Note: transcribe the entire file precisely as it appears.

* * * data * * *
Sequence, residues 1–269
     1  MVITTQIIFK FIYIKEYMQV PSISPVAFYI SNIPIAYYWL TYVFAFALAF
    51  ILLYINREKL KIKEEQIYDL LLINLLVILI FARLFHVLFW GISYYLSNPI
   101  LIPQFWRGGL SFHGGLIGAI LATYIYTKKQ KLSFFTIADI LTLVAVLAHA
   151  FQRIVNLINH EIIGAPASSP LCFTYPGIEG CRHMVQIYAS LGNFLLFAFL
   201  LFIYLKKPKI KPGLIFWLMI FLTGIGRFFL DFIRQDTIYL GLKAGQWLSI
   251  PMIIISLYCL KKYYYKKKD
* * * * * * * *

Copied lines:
Sequence, residues 1–269
     1  MVITTQIIFK FIYIKEYMQV PSISPVAFYI SNIPIAYYWL TYVFAFALAF
    51  ILLYINREKL KIKEEQIYDL LLINLLVILI FARLFHVLFW GISYYLSNPI
   101  LIPQFWRGGL SFHGGLIGAI LATYIYTKKQ KLSFFTIADI LTLVAVLAHA
   151  FQRIVNLINH EIIGAPASSP LCFTYPGIEG CRHMVQIYAS LGNFLLFAFL
   201  LFIYLKKPKI KPGLIFWLMI FLTGIGRFFL DFIRQDTIYL GLKAGQWLSI
   251  PMIIISLYCL KKYYYKKKD